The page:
Coping with Facebook changes
If you make a mistake, then click the triangle again to re-flag it as a top story, or click the arrow in the top-right corner of the message concerned and you can select “mark as top story” (among many other options) from a dropdown menu.
If you flag everything to be removed from the top news filtering system then, eventually, the system will simply revert back to the chronological ordering that was present before this “makeover”. It’s something of a faff to apply and takes a while to kick in, but if it bothers you that much it’s probably worth it.
However, one thorny issue that you can deal with immediately is that of user privacy. My mailbox has been full of emails from users worried by the fact that people who they don’t know can now see their postings.
Two examples typify the kind of concern that’s spreading like wildfire across Facebook as I write: first, if you comment on (or like) a friend’s post or photo, your comment becomes visible not only to that friend, but also to all of their friends, whom you probably don’t know and may not want reading your comments; second, whenever a friend of yours comments on a post or photo by one of their friends (who you don’t know and don’t have in your network), then you too get to see those photos and comments.
There is an easier way to deal with this, though, which simply involves taking your privacy seriously enough in the first place
As panic spreads throughout the system, a workaround has been posted and reposted, which suggests that the only way to deal with this invasion of privacy is to hover over the usernames of all your friends, one by one, and deselect the “comments and likes” option for them, then get them to do the same.
There is an easier way to deal with this, though, which simply involves taking your privacy seriously enough in the first place. The problem exists only because Facebook users are too lax about the information they publish and who they broadcast it to.
Let me explain: the reason all these comments are visible is simply because the users in question have their privacy level set either to “friends of friends” or “public”, and have therefore given permission for comments by others to be broadcast widely.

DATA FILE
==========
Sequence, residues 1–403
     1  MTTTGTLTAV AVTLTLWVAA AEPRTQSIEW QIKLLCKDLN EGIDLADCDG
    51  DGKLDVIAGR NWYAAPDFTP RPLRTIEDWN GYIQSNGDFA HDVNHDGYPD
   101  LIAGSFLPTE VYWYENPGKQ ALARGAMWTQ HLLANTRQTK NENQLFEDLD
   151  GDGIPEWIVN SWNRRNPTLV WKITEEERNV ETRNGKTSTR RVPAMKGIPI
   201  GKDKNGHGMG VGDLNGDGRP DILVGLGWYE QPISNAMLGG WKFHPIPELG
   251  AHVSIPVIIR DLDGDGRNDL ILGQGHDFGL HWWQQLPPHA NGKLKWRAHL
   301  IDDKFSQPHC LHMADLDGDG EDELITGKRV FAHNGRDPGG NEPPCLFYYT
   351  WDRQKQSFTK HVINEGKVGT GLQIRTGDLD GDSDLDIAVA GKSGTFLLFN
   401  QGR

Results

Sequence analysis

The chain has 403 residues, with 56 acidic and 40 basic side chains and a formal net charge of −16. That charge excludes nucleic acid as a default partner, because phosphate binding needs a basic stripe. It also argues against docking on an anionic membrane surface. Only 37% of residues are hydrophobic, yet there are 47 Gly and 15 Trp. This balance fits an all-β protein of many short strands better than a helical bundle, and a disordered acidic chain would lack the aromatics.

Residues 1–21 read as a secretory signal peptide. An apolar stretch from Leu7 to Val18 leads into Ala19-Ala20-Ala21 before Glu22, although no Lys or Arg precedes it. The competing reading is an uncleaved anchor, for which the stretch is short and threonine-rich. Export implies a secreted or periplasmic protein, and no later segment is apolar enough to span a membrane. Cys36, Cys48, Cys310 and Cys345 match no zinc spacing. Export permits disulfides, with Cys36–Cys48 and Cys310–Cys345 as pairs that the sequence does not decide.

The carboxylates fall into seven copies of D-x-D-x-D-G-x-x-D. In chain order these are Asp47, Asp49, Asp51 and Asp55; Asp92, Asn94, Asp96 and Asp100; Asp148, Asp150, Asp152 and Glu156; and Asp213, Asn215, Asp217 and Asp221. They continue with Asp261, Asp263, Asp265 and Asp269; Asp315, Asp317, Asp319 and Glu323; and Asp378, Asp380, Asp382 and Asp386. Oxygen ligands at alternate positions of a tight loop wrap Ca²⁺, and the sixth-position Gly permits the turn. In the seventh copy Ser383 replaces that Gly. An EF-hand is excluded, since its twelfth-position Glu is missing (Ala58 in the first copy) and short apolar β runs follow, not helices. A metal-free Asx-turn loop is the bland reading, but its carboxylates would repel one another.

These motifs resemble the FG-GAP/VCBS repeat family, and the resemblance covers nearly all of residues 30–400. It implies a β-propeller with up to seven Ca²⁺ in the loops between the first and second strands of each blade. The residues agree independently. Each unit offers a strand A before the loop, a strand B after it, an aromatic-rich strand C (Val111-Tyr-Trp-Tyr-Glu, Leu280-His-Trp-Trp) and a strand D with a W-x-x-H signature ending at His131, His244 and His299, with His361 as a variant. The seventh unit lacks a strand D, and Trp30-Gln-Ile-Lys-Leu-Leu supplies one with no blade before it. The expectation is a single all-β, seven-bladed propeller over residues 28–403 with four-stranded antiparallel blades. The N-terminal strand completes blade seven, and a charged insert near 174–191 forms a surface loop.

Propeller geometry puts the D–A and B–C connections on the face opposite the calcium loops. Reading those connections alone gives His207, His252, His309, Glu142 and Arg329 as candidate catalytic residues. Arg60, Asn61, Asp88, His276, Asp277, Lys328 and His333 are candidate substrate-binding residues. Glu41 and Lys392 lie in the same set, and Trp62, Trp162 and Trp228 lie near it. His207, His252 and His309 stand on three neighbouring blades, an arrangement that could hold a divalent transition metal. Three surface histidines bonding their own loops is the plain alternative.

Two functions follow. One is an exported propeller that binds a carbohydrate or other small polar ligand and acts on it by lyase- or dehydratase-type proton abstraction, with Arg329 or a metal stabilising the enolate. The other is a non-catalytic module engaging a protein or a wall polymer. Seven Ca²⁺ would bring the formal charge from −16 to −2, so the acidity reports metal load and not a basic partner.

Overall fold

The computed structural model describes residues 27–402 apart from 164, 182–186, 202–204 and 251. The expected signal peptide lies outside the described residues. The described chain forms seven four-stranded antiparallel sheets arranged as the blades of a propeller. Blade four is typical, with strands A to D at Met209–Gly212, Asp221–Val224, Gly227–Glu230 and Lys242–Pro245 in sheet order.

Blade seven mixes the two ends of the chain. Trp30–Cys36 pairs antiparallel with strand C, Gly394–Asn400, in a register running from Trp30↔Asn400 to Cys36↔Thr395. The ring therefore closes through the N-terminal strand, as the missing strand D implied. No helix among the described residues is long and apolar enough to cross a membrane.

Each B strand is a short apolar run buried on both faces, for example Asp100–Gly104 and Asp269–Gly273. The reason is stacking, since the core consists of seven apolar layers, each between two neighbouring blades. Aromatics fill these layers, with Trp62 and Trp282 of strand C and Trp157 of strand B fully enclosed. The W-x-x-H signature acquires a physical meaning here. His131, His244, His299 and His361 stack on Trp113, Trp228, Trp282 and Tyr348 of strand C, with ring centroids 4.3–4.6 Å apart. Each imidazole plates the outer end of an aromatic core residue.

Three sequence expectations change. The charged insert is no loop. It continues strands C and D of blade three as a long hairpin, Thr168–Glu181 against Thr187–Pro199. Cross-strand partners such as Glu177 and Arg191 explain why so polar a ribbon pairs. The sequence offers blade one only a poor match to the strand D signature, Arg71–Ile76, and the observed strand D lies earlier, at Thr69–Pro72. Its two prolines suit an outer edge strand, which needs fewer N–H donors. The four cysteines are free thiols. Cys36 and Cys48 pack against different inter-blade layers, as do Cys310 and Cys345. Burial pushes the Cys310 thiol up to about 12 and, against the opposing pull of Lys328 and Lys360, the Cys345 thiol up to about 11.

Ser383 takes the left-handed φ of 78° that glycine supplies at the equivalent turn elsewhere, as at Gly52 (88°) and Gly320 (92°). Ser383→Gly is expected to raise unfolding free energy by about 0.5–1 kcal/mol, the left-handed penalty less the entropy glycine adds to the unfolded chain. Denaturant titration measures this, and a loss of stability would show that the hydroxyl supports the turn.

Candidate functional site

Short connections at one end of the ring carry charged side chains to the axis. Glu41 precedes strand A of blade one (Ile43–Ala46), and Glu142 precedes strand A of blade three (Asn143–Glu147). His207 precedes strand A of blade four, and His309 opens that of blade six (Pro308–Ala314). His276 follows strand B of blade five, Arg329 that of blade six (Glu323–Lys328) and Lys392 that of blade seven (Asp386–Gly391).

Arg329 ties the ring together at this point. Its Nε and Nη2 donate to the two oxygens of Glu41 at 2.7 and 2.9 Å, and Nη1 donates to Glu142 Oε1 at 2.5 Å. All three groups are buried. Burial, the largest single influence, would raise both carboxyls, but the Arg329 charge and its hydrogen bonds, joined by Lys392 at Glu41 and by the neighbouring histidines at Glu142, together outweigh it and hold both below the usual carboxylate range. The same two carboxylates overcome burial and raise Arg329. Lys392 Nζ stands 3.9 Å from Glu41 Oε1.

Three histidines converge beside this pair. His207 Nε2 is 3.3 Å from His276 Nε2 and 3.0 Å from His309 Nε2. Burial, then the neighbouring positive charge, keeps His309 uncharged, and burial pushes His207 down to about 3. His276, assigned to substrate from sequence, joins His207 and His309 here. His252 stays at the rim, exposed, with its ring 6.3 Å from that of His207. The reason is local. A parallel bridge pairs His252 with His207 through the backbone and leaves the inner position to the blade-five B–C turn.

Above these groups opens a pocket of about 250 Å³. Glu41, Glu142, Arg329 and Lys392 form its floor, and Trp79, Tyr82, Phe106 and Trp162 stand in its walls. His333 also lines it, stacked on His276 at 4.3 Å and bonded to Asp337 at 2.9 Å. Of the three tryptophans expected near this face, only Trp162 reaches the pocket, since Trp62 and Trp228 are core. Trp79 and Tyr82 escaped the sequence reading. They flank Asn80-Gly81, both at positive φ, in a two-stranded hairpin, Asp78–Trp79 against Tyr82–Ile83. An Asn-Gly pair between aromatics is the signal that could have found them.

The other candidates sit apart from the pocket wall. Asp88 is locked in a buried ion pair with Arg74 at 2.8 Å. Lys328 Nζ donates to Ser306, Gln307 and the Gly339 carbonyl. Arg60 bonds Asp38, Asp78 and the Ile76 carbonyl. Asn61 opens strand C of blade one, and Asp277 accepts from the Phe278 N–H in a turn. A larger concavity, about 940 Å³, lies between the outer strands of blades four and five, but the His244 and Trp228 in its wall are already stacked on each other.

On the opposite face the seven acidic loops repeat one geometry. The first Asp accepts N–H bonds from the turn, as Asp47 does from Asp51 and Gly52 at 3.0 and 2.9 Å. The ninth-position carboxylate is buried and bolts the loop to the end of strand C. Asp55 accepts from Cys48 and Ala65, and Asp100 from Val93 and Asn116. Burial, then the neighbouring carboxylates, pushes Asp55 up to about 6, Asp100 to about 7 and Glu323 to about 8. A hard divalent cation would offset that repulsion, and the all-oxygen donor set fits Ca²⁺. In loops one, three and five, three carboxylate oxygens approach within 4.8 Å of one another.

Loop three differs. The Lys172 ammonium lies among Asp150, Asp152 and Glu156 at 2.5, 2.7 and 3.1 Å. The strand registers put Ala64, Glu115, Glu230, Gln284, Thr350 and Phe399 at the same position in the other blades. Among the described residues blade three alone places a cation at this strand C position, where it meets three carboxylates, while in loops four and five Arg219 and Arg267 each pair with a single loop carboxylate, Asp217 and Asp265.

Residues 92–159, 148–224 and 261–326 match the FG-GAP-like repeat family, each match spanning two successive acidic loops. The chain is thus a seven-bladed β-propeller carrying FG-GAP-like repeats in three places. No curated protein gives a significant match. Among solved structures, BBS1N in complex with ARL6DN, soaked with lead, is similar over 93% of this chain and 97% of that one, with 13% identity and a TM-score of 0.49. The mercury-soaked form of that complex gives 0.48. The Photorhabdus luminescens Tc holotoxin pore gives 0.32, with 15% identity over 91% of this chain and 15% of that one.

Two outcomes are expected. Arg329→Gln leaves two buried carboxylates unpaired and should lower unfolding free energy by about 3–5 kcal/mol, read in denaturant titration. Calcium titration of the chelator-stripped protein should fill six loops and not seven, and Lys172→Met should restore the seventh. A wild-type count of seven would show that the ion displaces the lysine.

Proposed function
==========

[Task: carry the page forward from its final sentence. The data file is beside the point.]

How widely? Well the friends of friends option means all your friends can see it, and if they have the same lax settings and comment to the thread then all their friends can see it, and so on almost ad infinitum.
And I don’t think I really need explain what the “public” option means, do I? My privacy settings are toggled to “friends” only, which should restrict who can see my comments, but I actually need to ensure all my friends also have their privacy settings on the same setting – this is where things become tricky.
The main reason for addressing this here is the hope that perhaps PC Pro readers at least can start spreading the word and requesting that people in their networks do the same.
While you’re in the privacy settings area, I’d also recommend that you use the “limit” option to change previous posts to “friends only” and so prevent deleted friends, or those who have sent you friend requests that you’ve declined, from seeing your stuff. You can easily check to see who any particular post is being shared with by looking for a small icon at the bottom right of every post.
Hover over this and the explanation will pop up: if you see a globe then it’s on public display to everyone except users you’ve specifically blocked, while a cog means either friends of friends or a custom share option. What you really want to see is a silhouette of two heads, which indicates this post is being shared with friends only.
Perhaps the one new feature that people dislike more than any other is the ticker. This gadget exhibits not one but two fatal design flaws, by not being big enough to be useful, but just being big enough to be annoying.